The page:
Title page for ETD etd-05222003-230312


Type of Document Major Paper
Author Belo, Bradley Paul
URN etd-05222003-230312
Title Natural Hazaed Mitigation Planning for Karst Terrains in Virginia
Degree Master of Science
Department Urban Affairs and Planning
Advisory Committee
Advisor Name Title
Richardson, Jesse J. Committee Chair
Randolph, John Committee Member
Zahm, Diane L. Committee Member
Keywords
  • natural hazard mitigation planning
  • natural hazards
  • land use planning
  • karst
Date of Defense 2003-04-25
Availability unrestricted
Abstract
Amendments to the Robert T. Stafford Act require state and local governments to adopt natural hazard mitigation plans to qualify for pre- and post-disaster federal hazard mitigation funding. State and local governments must consider all potential hazards within their jurisdictions including flooding, hurricanes, blizzards, and earthquakes. In western Virginia, local governments should plan for karst terrain natural hazards.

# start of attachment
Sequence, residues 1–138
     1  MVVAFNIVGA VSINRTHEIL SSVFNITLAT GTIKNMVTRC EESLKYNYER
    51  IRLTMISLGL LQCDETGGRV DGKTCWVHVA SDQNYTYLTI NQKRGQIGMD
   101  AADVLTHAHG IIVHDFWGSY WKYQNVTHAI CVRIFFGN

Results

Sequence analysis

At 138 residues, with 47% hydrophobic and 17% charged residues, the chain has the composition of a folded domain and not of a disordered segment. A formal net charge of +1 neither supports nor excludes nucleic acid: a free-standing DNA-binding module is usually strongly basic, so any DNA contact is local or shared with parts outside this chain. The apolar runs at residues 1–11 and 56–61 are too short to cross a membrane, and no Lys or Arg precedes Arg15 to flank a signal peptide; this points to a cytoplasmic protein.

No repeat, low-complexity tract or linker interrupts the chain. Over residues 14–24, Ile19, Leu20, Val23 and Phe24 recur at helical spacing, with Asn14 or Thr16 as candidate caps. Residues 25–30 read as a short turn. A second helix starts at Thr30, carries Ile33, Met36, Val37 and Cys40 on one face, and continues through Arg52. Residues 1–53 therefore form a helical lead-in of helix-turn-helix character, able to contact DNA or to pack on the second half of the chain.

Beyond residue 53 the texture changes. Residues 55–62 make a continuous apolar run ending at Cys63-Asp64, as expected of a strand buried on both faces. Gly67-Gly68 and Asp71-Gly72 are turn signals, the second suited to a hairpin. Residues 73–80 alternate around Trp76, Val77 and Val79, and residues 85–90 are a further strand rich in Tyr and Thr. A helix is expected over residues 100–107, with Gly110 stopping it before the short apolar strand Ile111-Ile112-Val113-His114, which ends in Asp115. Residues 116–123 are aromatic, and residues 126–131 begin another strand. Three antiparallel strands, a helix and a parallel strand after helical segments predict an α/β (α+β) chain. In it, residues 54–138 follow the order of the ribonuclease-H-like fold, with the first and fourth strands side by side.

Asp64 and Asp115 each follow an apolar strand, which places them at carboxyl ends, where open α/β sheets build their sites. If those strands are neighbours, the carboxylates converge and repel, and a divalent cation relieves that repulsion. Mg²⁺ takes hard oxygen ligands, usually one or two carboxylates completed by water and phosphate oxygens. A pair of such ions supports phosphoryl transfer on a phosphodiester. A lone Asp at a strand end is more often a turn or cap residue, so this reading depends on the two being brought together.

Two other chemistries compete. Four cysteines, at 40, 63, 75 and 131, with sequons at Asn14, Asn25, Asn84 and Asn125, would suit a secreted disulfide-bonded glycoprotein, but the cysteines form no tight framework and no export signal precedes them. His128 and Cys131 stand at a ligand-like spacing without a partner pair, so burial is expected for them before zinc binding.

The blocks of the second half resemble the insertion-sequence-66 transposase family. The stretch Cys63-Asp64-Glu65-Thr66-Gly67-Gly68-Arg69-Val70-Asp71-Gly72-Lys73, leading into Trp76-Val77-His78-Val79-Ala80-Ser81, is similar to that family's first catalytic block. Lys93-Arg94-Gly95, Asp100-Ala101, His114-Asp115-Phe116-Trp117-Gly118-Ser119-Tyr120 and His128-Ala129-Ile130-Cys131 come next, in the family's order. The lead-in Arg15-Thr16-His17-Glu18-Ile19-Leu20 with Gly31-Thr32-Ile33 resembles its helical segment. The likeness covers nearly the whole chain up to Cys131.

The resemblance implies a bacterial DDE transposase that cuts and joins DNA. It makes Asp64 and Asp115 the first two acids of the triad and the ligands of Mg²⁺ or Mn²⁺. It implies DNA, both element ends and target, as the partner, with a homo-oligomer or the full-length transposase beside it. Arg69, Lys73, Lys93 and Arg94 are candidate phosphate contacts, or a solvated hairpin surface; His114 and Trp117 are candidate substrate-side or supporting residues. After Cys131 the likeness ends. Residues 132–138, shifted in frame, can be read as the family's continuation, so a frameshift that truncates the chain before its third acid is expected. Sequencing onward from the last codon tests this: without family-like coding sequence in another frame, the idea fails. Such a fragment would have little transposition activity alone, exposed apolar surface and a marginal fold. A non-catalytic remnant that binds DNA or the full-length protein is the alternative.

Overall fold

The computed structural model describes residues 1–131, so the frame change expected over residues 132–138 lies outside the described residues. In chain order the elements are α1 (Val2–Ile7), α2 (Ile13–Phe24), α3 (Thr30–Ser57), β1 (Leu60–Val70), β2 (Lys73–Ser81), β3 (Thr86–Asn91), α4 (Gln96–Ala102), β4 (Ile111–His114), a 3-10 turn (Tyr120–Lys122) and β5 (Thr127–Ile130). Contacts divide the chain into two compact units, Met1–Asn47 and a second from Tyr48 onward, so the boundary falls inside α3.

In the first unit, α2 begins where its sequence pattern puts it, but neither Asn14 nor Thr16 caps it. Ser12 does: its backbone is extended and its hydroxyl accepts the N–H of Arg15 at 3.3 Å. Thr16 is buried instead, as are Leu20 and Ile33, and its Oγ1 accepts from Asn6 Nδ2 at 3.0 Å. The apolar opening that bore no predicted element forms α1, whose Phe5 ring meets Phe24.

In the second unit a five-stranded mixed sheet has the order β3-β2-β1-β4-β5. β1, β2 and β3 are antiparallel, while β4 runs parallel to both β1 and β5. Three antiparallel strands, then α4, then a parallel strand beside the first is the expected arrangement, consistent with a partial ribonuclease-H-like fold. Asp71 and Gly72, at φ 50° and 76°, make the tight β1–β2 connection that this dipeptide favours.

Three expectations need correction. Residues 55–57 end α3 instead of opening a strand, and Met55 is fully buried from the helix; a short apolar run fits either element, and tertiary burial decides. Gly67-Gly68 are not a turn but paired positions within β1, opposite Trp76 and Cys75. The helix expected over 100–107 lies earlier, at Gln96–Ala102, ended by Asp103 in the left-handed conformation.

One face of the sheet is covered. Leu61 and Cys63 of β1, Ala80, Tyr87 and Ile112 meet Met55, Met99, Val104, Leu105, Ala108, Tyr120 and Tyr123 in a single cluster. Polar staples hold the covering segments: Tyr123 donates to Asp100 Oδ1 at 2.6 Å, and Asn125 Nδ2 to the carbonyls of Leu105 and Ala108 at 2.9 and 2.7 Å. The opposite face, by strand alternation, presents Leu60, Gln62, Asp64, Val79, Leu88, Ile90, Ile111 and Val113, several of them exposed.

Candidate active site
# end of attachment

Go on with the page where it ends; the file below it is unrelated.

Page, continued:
Karst terrain hazards include sinkhole subsidence, sinkhole flooding, and groundwater contamination. Despite an extensive amount of karst terrain in many communities in western Virginia, few communities use comprehensive land use planning and management approaches for development on karst terrain. A survey of local governments in the karst belt of Virginia illustrates that few communities have gone farther than a brief reference to karst terrain in their comprehensive plans. The majority of local governments in the karst belt of Virginia have not developed comprehensive land use planning approaches for karst terrain despite the availability of a large number of potential planning options pioneered by other karst communities.

This paper proposes a process for karst terrain natural hazard mitigation planning in Virginia. The process begins with community education and partnership building to build community understanding and support for the various mitigation strategies applicable to local karst terrain hazard areas. Effective natural hazard assessment allows for the relatively precise targeting of regulatory and non-regulatory mitigation strategies to minimize the impact of land use restrictions on the general community, while maximizing the hazard mitigation efficacy of the chosen strategies.

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